Because of these two things, Python has soared in popularity which has, in turn, resulted in a massive community of programmers and a large number of libraries available. We will learn about libraries in Part Six of this textbook. For now, think of them as large quantities of code that have already been written for you so that you can write 1 line of code rather than hundreds or even thousands! This has, in turn, made Python more appealing. Today, it is one of the most widely used programming languages and is considered the essential language for text analysis, machine learning, data analysis (alongside R), web scrapping, and much more.

When you hear it described, you will often here it described in several ways:

  1. General Purpose Programming Language

  2. Scripting Programming Language

Let’s discuss both of these really quickly, beginning with General Purpose Programming Language. As I said above, not all programming languages are created equal. They are often times designed to do very specific things. Python was created so that one could write code quickly to perform large tasks that do not necessarily require complex software, (e.g. data cleaning and analysis). Nevertheless, it packs all the same features as a general purpose programming language, meaning you can develop entire apps or software with it. A general purpose programming language simply means that Python can do anything other programming languages designed to develop software can do (such as C). You will often hear Python compared to R. In this regard, Python is different from R. While R is useful for statistical analysis, it is not a general purpose programming language. You cannot develop software with R. Instead, R is limited in what it can do. Because Python is a general purpose programming language, you can use one language to perform all needed tasks, albeit some more challenging than others.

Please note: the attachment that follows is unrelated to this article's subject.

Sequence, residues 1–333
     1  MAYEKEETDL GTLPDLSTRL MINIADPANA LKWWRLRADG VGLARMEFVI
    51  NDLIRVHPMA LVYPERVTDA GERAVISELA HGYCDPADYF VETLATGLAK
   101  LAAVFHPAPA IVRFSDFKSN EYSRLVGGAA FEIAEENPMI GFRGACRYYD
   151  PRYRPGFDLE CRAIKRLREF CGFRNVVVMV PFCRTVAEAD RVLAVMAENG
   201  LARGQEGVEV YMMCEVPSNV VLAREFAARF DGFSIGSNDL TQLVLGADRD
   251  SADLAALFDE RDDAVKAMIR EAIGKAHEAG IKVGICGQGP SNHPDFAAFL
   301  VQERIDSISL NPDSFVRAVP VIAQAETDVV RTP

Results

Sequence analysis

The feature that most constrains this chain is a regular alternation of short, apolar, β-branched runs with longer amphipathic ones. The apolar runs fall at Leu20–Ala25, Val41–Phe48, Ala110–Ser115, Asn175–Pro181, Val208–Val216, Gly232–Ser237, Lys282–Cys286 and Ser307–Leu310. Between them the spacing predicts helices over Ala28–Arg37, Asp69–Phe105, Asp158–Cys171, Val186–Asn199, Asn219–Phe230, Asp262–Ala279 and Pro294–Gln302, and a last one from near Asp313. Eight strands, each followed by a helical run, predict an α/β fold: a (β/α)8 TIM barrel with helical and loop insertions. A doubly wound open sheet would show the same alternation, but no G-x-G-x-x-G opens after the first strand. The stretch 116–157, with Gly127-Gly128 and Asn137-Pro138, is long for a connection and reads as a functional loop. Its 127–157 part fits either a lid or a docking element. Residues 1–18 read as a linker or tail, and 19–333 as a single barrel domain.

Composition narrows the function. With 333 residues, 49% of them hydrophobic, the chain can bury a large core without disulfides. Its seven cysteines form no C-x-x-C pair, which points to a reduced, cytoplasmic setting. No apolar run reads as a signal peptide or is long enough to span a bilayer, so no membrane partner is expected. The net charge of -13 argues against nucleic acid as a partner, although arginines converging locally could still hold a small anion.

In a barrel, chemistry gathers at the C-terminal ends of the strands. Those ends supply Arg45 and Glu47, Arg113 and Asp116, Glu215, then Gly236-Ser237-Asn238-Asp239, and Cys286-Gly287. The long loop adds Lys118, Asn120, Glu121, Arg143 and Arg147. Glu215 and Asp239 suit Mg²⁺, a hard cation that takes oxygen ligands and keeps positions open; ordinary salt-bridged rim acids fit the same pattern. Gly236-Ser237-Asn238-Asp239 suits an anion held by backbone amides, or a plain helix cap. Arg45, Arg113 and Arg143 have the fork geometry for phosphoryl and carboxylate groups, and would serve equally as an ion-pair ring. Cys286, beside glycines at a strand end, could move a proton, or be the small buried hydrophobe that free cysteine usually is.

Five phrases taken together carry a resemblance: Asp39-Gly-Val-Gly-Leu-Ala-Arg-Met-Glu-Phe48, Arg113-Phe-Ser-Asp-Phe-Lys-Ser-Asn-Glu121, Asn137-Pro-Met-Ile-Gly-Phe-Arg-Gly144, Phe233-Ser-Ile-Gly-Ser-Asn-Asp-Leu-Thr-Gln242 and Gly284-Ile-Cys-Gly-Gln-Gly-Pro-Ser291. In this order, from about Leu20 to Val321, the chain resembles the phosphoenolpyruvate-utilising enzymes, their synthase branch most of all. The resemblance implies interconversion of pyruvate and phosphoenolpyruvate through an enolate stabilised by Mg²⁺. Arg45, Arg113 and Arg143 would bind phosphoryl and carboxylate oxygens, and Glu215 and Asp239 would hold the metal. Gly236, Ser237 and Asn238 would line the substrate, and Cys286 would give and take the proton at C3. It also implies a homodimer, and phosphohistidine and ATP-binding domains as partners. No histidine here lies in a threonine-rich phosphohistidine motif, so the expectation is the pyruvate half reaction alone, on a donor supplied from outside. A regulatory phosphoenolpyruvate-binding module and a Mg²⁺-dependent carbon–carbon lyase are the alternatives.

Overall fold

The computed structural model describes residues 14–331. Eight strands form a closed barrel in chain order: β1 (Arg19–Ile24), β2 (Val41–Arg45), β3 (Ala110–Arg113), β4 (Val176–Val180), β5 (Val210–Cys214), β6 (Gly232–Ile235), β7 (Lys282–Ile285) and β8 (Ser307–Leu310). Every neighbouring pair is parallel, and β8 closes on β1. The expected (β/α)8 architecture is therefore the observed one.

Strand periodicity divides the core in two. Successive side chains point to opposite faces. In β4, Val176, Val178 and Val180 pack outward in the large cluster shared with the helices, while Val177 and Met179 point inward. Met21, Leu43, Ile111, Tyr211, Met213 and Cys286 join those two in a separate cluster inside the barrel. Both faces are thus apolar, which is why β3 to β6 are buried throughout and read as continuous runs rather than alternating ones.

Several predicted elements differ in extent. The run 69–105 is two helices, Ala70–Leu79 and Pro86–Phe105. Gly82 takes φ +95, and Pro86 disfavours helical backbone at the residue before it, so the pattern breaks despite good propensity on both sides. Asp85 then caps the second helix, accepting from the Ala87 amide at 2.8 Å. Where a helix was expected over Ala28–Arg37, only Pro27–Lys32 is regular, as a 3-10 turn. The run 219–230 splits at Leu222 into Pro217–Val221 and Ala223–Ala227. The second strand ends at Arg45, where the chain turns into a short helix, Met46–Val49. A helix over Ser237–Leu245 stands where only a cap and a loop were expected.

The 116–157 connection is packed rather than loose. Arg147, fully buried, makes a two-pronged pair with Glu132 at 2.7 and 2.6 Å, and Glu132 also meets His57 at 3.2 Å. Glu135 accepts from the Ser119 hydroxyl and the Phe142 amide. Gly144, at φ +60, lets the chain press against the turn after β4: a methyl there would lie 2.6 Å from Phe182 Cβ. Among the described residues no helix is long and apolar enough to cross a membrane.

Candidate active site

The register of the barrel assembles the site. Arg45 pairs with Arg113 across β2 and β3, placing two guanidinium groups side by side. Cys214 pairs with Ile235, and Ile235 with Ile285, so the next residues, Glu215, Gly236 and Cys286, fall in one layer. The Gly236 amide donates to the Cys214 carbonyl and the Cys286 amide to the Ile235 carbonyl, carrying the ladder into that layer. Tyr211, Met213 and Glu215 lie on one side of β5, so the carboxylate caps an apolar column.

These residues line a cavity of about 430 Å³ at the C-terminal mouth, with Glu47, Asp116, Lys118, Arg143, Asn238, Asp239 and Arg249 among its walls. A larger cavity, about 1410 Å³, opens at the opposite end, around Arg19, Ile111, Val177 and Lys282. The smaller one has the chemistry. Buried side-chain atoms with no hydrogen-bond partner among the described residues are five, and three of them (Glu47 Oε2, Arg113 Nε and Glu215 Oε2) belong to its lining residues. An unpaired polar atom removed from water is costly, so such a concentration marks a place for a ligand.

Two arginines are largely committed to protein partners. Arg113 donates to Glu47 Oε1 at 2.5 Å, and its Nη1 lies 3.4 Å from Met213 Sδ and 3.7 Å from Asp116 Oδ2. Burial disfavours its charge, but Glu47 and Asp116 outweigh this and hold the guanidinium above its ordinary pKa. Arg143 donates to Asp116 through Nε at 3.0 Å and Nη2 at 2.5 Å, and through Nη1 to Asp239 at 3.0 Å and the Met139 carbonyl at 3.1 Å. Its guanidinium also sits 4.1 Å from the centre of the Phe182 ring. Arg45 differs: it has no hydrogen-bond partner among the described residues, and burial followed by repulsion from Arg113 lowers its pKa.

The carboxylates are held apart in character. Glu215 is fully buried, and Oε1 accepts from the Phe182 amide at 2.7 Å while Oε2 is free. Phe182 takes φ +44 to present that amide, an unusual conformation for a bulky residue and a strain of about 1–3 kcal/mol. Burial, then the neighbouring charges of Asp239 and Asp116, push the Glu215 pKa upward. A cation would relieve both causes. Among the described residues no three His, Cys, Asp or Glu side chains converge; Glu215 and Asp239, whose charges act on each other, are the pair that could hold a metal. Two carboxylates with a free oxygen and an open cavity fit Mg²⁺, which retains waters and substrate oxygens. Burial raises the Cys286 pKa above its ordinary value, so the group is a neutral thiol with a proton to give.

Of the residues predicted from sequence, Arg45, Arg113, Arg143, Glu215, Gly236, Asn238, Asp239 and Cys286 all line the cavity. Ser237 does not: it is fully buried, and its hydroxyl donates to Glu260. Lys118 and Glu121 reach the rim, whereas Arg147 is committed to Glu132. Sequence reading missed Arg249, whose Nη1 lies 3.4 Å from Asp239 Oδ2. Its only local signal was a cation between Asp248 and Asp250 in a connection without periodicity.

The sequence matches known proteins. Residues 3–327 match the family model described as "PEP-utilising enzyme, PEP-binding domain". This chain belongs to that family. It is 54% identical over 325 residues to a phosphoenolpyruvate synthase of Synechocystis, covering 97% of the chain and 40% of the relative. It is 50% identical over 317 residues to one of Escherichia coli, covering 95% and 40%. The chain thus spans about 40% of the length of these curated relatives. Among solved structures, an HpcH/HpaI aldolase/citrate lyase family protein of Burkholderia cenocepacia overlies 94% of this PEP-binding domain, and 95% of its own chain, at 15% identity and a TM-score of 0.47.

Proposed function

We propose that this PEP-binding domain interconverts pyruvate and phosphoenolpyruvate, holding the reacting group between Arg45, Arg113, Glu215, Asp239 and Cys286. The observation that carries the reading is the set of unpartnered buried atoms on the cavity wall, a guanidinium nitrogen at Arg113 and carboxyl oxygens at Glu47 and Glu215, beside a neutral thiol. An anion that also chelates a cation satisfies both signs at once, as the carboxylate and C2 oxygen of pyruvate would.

Next, Python is a scripting language. While Python can be used to develop software, that is not where it shines. It is particularly suited so that you, the coder, can write code quickly to perform a narrow task. This is often done in the terminal, but we will get to that later in this book. Because Python is a scripting language, you can often times write the necessary code in minutes to perform a task that would take hours, days, or even weeks.

All of this comes with one significant caveat. Python is slow. There are complex reasons for this, but understand that in most programming languages, a program is coded and then compiled. Once compiled, you can run that code consistently without recompiling. Because Python is a scripting language, each time the code is run, it is recompiled by your computer. The thing that makes Python easy to use, therefore, is what makes it slow. Nevertheless, the time saved by writing code in Python often outweighs the time saved by recompiling your code.

Python (as of this writing) is currently in version 3.10.2. Let’s break each of these numbers down. The 3 refers to the main Python language. Python 2 still exists (in fact it comes standard on all Macs), but it is no longer supported and is slowly being replaced by Python 3. This is important to note because certain things are coded differently between the two programming languages. The 10.2 tells us specifically what version of Python 3 we are working with. Not all code from certain libraries is backwards compatible, meaning some libraries require a specific version of Python so understanding this now as a concept will save confusion later on. Each time a new version comes out, new features are available, so it is important to stay up-to-date with current versions, but not always essential.

1.6. Why Python?

For all the above reasons, I encourage historians and humanists in general to learn Python as their first programming language. It is the easiest to learn, the quickest to write, and can solve all problems that surface. The large quantities of libraries and tutorials mean that there are few tasks that will prove impossible to do.

If you want to engage in statistical analysis, R might be another suitable language. But all tasks done in R can also be done in Python. Further, Python is a general purpose language which means there are some things we can do in Python that you cannot do in R.

If you are sold on Python, then continue reading this textbook as we learn how to install it and use it as humanists.